Well written and have a great insight for future transactions. The concern is for developing countries, where sophisticated technology is yet to in place to guard their financial transactons. For example, the recent heist of Bangladeshi reserve from Federal Reseve Bank. And it is behind question that this countries have a great potential to depict a greater impact in world economy.

  3. Larry Cao, CFA says:

    Anup,

    With properly-implemented blockchain solutions, there should be fewer crimes such as the Bangladesh Bank heist. Although the world we live in today is still very far from there, whether one is in a or developing country. It is certainly an interesting angle to evaluate future developments.

    As always, thank you for visiting our blog and sharing your thoughts.

    Warm regards,
    Larry

  4. Frances Ning says:

    Hi Larry,

    For this distributed ledger technology to work, it will need to make copies of the updated record on every server in the world. What are your thoughts about the issues of scalability in electricity usage to power and maintain those servers, power outage handling, and concurrent updates for frequent and rapid transactions? Thank you.

    1. Larry Cao, CFA says:

      Hi Frances,

      These are great questions. I am sure they are on the minds of many other readers as well so thanks for raising them.

      There are a couple of issues that might be worth clarifying before we get into the specifics: First, although blockchain and distributed ledger are frequently used interchangeably, in reality they are overlapping but not identical comcepts; second, blockchain is a nascent technology that is still developing and there are many variations in its application, so it’s often difficult to make categorical statements about it.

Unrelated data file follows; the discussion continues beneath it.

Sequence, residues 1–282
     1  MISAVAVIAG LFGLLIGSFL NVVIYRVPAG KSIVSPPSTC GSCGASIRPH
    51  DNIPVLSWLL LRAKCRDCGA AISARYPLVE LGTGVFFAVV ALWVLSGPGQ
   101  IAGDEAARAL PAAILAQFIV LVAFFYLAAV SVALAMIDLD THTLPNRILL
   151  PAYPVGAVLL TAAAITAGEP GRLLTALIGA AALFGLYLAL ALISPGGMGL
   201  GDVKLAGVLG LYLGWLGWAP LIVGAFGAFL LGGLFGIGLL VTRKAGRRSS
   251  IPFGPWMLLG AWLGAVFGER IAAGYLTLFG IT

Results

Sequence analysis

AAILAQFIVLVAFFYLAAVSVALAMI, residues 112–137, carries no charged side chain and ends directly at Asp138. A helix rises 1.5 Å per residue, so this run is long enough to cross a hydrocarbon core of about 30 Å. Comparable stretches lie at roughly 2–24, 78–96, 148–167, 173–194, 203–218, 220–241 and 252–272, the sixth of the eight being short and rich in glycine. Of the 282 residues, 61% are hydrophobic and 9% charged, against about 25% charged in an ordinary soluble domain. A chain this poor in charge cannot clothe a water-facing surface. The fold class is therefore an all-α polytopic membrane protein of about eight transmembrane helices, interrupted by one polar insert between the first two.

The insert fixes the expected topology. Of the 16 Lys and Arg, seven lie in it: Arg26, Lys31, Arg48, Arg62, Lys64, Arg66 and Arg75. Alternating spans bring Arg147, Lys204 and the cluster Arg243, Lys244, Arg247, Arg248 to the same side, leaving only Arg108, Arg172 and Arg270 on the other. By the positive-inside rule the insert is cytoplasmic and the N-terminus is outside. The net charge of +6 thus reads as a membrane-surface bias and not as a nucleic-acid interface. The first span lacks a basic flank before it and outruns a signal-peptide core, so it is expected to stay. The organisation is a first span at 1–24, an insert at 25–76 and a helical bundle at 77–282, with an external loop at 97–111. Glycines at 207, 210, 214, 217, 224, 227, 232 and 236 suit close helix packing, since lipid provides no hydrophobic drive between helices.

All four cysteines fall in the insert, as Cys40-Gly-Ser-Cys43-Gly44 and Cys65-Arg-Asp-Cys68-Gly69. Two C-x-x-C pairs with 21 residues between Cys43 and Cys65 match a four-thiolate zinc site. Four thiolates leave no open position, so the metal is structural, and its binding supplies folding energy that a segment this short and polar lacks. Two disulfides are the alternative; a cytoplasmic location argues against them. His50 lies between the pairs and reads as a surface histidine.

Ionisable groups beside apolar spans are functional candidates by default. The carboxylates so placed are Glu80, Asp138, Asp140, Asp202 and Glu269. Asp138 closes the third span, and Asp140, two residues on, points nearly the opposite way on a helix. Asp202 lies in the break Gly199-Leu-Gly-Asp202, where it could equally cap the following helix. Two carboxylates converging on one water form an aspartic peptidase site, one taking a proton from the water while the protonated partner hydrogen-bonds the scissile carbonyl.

There are few existing blockchain applications in finance, with bitcoin being the major exception. Based on what we know about bitcoin, the records are not replicated on every server in the world. There is also a distinction between open (public) and private blockchains, with the latter explicitly only available to people accepted into the network.

      Transaction speed is a criticism often leveled against blockchain and it is probably a fair one for many of the applications being tested and in development. There is no evidence that suggests this won’t improve over time though, just like any other technology.

      Power outage handling is probably in the plus column for blockchain. If some (less than half, to be exact) of the servers storing a particular record are experiencing power outages, people can still access and verify the record replicated on the remaining servers. A centrally administered system can be far more vulnerable.

      Warm regards,
      Larry

  5. Mitesh Patel says:

    it seems Blockchain Technology is next big things for banking sectors. Thanks for great infomative article. May I know which technology used in Blockchain?

    1. Larry Cao, CFA says:

      Mitesh,

      If you are asking what technical skills are required, those who work in developing and implementing blockchain applications typically have degrees in computer science, although more and more professionals working in fintech are getting business training by enrolling in an MBA program or getting a CFA charter.

      As always, thank you for visiting our blog.

      Warm regards,
      Larry

Leave a Reply

Your email address will not be published. Required fields are marked *



By continuing to use the site, you agree to the use of cookies. more information

The cookie settings on this website are set to "allow cookies" to give you the best browsing experience possible. If you continue to use this website without changing your cookie settings or you click "Accept" below then you are consenting to this.

Close